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The Bachelor's Keira had breast surgery. Let's not kid ourselves about what that entails.

The best breasts Keira Maguire has ever seen are her own. It wasn’t always the case. Formerly an A cup, the Sydney-based reality television star has recently undergone breast augmentation surgery that’s taken her to a C.

As told to New Weekly, the former Bachelor contestant is proud of her decision – one she’d been mulling over a decade – and even more so of the end result.

“It’s not all about looks, but if you can enhance something or improve something, I’m all about it,” she said.

Keira’s experience and the accompanying bikini shoot is the kind of chirpy before-and-after story we’ve heard time and time again, one that makes breast enlargement procedures seem more like a beauty treatment than an invasive surgical procedure.

Previously self-conscious and “a bit depressed” about her breasts, she’s now “happy” and “feels like herself”.

“So basically [my surgeon] made a 4cm incision underneath my breast on the crease, and he went underneath the muscle, so it looks more natural,” she said. “It took an hour and a half – I was in and out in four hours.”

Easy, right?

Not so much. As Vice President of the Australian Society of Plastic Surgeons Dr Gazi Hussain told Mamamia, it’s important to acknowledge the realities of what happens in between the carefully curated before and after shot.

“This is not a flippant procedure, this is not a small procedure. It is a proper operation, it’s an invasive operation; it’s not something you want to take lightly,” he said.

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While the operation generally only takes a matter of hours, the days afterwards can be uncomfortable. There will be pain and swelling, patients will often be wrapped in compression bandages, and some will require a small drainage tube to funnel excess blood and fluid from the surgery site.

“Any form of surgery is proper surgery,” Dr Hussain said, “and proper surgery has risks, proper surgery has implications and potential complications.”

In the case of breast augmentation, those can include infection, internal bleeding, blood clotting, scarring, numbness, even difficulty breast feeding.

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With that in mind, it’s important, Dr Hussain said, that patients understand the gravity of the decision to undertake breast augmentation and recognise that it’s not as easily reversible as many people tend to think.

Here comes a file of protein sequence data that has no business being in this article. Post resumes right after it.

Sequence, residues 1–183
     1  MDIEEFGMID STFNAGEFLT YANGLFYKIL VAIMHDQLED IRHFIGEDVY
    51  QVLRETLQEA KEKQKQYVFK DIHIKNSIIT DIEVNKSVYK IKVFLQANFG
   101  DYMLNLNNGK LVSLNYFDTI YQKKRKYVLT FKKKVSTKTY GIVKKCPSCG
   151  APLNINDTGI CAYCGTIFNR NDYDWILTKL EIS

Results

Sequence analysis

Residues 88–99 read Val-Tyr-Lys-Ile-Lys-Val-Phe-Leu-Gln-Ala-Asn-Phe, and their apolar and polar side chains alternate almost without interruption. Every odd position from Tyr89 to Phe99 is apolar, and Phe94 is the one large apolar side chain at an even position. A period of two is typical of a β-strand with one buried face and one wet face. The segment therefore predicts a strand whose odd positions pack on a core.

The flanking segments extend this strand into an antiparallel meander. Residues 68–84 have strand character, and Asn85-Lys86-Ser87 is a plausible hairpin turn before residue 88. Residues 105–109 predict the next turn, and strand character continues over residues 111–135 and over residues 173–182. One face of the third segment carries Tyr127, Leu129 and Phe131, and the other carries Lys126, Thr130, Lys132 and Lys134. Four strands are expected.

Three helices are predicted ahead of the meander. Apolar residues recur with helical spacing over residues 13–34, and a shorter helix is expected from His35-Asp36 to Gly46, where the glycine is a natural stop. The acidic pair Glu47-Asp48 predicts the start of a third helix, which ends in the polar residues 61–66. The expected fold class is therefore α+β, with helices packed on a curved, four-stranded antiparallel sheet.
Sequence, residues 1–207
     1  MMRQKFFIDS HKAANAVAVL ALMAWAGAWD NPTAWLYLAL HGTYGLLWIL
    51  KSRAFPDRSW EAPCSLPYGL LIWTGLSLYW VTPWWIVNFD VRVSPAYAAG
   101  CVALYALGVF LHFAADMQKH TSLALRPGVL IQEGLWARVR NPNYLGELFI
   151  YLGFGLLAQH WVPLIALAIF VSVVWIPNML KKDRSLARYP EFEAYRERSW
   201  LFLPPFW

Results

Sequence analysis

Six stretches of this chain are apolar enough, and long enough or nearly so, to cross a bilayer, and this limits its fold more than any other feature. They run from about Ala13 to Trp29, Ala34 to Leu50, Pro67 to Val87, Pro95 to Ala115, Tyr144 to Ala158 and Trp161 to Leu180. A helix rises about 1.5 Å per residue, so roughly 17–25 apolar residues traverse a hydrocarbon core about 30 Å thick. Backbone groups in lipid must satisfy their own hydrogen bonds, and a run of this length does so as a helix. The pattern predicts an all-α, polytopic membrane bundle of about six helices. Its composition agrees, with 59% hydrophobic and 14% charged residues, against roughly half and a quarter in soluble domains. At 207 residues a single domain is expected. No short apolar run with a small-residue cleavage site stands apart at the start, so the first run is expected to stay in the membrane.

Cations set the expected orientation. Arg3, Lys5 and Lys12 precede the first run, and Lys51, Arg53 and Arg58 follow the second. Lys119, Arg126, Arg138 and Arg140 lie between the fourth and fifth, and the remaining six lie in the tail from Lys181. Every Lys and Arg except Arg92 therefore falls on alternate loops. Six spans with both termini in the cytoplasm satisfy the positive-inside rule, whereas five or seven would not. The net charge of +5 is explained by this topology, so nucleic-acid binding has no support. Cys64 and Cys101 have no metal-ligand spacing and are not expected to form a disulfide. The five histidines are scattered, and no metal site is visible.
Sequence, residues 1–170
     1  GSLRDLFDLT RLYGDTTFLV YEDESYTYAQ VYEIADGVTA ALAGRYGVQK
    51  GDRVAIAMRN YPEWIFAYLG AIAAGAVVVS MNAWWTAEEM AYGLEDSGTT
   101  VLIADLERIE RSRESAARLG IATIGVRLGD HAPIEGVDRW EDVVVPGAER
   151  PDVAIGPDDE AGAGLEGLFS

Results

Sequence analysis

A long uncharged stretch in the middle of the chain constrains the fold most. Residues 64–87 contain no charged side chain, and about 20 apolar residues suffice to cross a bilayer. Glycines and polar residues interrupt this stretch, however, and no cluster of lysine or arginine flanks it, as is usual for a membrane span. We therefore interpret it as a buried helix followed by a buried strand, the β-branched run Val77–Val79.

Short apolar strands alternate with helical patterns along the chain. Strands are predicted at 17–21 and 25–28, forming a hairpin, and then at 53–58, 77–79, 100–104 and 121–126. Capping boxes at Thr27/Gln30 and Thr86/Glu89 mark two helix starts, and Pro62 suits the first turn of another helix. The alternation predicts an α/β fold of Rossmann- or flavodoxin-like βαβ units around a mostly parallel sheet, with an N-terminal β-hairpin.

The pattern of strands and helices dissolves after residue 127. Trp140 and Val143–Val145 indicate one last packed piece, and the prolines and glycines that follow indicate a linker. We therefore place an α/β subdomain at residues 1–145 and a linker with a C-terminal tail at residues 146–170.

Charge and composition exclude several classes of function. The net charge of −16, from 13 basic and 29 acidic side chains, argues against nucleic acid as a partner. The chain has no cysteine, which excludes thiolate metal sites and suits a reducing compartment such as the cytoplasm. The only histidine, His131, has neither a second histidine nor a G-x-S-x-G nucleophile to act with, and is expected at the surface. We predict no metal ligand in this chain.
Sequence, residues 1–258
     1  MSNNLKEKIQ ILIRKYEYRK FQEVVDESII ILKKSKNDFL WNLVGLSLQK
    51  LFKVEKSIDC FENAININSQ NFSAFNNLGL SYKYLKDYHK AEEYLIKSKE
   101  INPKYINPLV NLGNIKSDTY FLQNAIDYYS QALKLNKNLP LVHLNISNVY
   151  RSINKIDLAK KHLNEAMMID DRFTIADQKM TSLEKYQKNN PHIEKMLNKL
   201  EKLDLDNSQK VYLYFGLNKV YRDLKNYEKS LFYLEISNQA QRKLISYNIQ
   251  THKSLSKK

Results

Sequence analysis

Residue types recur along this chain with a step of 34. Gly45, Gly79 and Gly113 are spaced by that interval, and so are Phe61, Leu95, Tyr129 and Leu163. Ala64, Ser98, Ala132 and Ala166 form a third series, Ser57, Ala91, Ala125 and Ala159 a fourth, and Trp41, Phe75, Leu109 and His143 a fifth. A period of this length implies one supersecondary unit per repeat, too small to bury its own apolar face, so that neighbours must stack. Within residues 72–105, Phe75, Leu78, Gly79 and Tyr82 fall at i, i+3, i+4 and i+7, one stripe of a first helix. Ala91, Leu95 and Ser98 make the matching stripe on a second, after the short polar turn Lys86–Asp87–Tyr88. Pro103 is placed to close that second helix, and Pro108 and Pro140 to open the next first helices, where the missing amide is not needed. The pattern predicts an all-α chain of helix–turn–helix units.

“It’s not like changing a hairstyle,” he said. “Removing a large foreign object has implications for the space that’s left behind.”

This can mean, among other things, stretching of the skin and looseness of breast tissue that may require additional surgery.

“The patient needs to get an idea from their surgeon about potentially what deformity they might be left with if the implants are taken out, and what may then need to be done to correct that,” Dr Hussain said.

Any cosmetic surgery should not be undertaken lightly. Image: Getty.

In fact, even if a patient is happy with their enlarged breasts, it's important that they recognise there's a good chance they will need to undergo further procedures as time goes on.

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While Dr Hussain has seen some women keep their implants for 30-40 years, he notes that with a man-made, foreign object, there are no guarantees.

"We always say to women there's a chance that implants may not be in there for the rest of their life, and that they may require changing or revision or updating at some stage in the future," he said.

It's for reasons like this that he encourages women not be influenced by "flippant or trivial" discussion about cosmetic procedures: "They need to have thought about this adequately, spend some time researching but also have frank conversations with their plastic surgeon."

BTS Boomerang with NW Mag - Wearing @bondeyeswim ♥️

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He recommends that women ask the following questions:

"Where will the procedure be done?; Who will be doing the procedure?; How many procedures like this has the surgeon done before?; What level of anaesthetic [is required]?; And is the facility that they are having the operation performed in an accredited facility, in terms of meeting minimum standards and requirements for general anaesthesia," he said.

"The other things the patient needs to know is whether there will be things like drains that will be required, and what sort of post-operative management they will get. And, of course, what are the potential risks and complications, and also how will those risks and complications be managed if they were to occur."

For more information contact your surgeon or visit the Australian Foundation for Plastic Surgery website here.

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